Ten Tall Men is a 1951 American Technicolor comedy adventure film about the French Foreign Legion during the Rif War in Morocco. It stars Jody Lawrance and Gerald Mohr. Though co-written and directed by Willis Goldbeck, Goldbeck walked off the film due to disputes with Lancaster with the film being completed by Robert Parrish. Credited as an associate producer, Robert Aldrich was a production manager on the film where he met Lancaster that led him to direct Vera Cruz for him. Robert Clary made his debut in the film as an Arab batman. Portions of the film were filmed in California; the story was released as a Fawcett Movie Comic #16 in April 1951. After capturing an important Rif prisoner in an undercover operation, Sergeant Mike Kincaid is imprisoned himself for striking a lieutenant who beats a French woman with his riding crop for preferring Kincaid to him. Kincaid has a longstanding rivalry with the lieutenant, but the lieutenant is now in command of the company holding the city of Tarfa while the regiment is away.
As the ranking officer, the lieutenant uses Kincaid's striking of him to get his revenge. Kincaid is imprisoned alongside seven military prisoners and the captured Rif who has refused to talk, with the lieutenant refusing food and water to both Kincaid and the Rif; when his two comrades-in-arms who accompanied him on the mission, Corporals Luis Delgado and Pierre Molier, sneak food and water to Kincaid, he shares them with the Rif. To repay Kincaid's kindness and assuage his own guilt for telling the lieutenant about Kincaid's assignation with the Frenchwoman, the tells of an impending attack on Tarfa while the garrison is weak; the Rif believes Kincaid will escape to save himself. The experienced Kincaid tells the lieutenant that their only chance is to release him to lead a series of guerrilla hit-and-run attacks to delay the enemy for five days until the regiment returns; the lieutenant agrees, but only. Kincaid agrees to his terms; the only men available for the mission are the seven prisoners, who receive full pardons for their crimes.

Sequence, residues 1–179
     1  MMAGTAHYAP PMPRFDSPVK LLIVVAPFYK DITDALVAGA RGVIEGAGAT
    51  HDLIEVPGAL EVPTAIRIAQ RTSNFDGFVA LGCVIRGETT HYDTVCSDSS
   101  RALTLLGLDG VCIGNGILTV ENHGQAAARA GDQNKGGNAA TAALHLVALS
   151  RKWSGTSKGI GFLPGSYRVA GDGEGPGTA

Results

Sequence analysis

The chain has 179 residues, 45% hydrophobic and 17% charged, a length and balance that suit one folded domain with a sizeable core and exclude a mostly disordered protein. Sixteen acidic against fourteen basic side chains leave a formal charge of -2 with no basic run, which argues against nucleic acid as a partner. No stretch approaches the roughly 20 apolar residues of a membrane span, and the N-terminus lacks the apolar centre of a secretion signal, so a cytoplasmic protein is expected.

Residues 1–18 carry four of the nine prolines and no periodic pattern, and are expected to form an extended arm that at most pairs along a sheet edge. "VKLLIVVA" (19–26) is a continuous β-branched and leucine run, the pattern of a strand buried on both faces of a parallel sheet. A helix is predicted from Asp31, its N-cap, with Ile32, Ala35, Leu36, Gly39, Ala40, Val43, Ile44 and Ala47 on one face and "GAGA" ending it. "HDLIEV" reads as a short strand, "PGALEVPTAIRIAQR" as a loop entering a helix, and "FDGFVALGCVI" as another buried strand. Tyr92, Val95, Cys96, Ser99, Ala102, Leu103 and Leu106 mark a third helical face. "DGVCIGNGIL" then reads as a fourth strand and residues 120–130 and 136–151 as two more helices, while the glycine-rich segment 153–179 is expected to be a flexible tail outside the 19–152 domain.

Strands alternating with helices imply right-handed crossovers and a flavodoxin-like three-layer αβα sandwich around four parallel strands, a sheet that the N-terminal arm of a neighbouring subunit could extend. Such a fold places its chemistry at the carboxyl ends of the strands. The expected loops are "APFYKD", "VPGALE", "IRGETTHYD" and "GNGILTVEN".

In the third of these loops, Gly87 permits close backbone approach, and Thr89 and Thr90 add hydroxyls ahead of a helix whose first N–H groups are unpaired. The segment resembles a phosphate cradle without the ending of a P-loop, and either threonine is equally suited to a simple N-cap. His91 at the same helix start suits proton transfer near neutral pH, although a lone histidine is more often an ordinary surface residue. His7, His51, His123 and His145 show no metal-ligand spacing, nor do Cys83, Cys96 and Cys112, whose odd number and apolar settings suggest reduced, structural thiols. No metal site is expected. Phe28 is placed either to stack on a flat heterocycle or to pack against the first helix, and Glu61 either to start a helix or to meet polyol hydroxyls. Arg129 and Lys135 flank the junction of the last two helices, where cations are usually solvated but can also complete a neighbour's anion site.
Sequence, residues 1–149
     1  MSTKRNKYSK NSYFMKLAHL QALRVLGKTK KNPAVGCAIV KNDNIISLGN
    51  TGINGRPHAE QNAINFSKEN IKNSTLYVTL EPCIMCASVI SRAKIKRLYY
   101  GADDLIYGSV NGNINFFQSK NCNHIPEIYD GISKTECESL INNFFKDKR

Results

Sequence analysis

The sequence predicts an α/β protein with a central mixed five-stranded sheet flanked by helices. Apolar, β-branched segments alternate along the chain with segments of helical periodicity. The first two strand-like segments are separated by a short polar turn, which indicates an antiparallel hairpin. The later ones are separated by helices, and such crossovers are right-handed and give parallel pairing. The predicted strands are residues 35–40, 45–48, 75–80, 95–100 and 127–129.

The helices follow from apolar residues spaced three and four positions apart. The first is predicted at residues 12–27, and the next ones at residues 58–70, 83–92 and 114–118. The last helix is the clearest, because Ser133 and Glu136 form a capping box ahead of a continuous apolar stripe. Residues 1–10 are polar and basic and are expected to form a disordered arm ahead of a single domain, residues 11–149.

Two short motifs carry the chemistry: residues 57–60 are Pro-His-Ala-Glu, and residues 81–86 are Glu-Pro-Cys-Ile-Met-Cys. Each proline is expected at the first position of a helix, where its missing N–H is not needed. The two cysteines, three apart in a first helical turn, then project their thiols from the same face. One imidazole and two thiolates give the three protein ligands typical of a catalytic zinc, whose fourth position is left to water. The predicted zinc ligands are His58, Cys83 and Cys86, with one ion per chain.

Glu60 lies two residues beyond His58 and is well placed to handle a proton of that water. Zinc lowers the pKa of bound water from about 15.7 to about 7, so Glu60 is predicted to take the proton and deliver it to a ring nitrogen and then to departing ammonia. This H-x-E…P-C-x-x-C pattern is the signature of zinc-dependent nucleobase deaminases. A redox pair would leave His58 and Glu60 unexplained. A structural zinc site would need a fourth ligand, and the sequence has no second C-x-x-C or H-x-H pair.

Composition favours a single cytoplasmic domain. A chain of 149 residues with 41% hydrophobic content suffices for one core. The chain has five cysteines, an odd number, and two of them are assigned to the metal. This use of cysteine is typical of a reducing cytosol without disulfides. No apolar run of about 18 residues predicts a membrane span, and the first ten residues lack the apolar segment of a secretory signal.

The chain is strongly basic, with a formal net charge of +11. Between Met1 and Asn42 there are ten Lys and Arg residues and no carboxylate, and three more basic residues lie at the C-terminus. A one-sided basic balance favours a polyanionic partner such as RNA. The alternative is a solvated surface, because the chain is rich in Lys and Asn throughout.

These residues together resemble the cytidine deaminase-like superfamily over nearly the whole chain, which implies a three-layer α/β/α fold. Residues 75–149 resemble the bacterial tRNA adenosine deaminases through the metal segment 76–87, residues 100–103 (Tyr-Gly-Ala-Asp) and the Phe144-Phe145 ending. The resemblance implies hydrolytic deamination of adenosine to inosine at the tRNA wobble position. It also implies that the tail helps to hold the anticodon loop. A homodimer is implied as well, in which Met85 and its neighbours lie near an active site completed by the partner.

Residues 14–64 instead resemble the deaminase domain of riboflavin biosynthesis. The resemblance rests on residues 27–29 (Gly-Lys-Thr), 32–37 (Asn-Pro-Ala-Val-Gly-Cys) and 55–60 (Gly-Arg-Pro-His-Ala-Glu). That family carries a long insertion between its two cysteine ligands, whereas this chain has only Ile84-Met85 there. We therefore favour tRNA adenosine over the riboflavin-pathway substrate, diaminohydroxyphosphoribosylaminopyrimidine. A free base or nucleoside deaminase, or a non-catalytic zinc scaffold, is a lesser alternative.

His two corporals join them. When scouting an enemy camp, the Legionnaires discover two rival tribes have joined forces, making them strong enough to take the city. Using his expertise in disguise and language, Kincaid finds out that the Rif leader, Khalid Hussein, is marrying Mahla in order to cement an alliance with the other tribe. Kincaid kidnaps her to force the enemy to chase him for the five days. Mahla begins to fall in love with her handsome captor, as Hussein pursues the Legionnaires across the desert. In the midst of the dangers, the patrol finds a destroyed Legion truck containing a safe that one of the men opens, revealing a large Legion payroll; when Jardine tries to get away with the payroll, he is shot. Kincaid is captured and Mahla freed, she demands that Kincaid be released unharmed or she will not marry Hussein. Hussein reluctantly does so. Kincaid and his men infiltrate the wedding ceremony, fighting breaks out. Mahla's tribe switches sides, Hussein is killed. Burt Lancaster as Sergeant Mike Kincaid Jody Lawrance as Mahla Gilbert Roland as Corporal Luis Delgado Gerald Mohr as Khalif Hussein Kieron Moore as Corporal Pierre Molier George Tobias as Londos John Dehner as Jardine Nick Dennis as Mouse Mike Mazurki as Roshko Mari Blanchard as Marie DeLatour Robert Clary as Mossul Michael Pate as Browning The film was the first of a two picture deal Columbia Pictures signed with Norma Productions, the company of Burt Lancaster and Harold Hecht.
It was a Western story by James Warner Bellah and Willis Goldbeck which concerned conflict between the US cavalry and Apaches. Producer Harold Hecht and star Burt Lancaster decided that "John Ford and other Hollywood operators have so decimated the Apache population" so they hired writer A. I. Bezzerides to reimagine the story with a Foreign Legion setting. Roland Kibbee and Frank Davis were hired to rewrite the script to make it more comedic; the film was shot in February 1950 at the Columbia Ranch in the San Fernando Valley and on location in Yuma, Arizona. Ten Tall Men at the American Film Institute Catalog Ten Tall Men on IMDb Ten Tall Men at TCMDB